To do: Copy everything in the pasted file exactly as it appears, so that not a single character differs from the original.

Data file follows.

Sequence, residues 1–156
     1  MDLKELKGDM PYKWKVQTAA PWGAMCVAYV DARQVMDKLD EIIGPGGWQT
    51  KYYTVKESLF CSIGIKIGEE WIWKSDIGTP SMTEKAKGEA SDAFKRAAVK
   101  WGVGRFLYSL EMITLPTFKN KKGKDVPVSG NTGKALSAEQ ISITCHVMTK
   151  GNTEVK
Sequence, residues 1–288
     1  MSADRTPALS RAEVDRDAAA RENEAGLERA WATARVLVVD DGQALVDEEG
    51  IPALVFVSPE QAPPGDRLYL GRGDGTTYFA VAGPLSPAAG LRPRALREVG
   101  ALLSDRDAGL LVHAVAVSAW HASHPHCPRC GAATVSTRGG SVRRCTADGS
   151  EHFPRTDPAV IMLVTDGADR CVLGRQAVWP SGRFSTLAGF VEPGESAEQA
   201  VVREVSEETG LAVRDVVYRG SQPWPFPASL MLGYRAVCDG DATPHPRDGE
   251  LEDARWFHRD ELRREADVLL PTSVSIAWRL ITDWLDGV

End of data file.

Sequence, residues 1–156
     1  MDLKELKGDM PYKWKVQTAA PWGAMCVAYV DARQVMDKLD EIIGPGGWQT
    51  KYYTVKESLF CSIGIKIGEE WIWKSDIGTP SMTEKAKGEA SDAFKRAAVK
   101  WGVGRFLYSL EMITLPTFKN KKGKDVPVSG NTGKALSAEQ ISITCHVMTK
   151  GNTEVK
Sequence, residues 1–288
     1  MSADRTPALS RAEVDRDAAA RENEAGLERA WATARVLVVD DGQALVDEEG
    51  IPALVFVSPE QAPPGDRLYL GRGDGTTYFA VAGPLSPAAG LRPRALREVG
   101  ALLSDRDAGL LVHAVAVSAW HASHPHCPRC GAATVSTRGG SVRRCTADGS
   151  EHFPRTDPAV IMLVTDGADR CVLGRQAVWP SGRFSTLAGF VEPGESAEQA
   201  VVREVSEETG LAVRDVVYRG SQPWPFPASL MLGYRAVCDG DATPHPRDGE
   251  LEDARWFHRD ELRREADVLL PTSVSIAWRL ITDWLDGV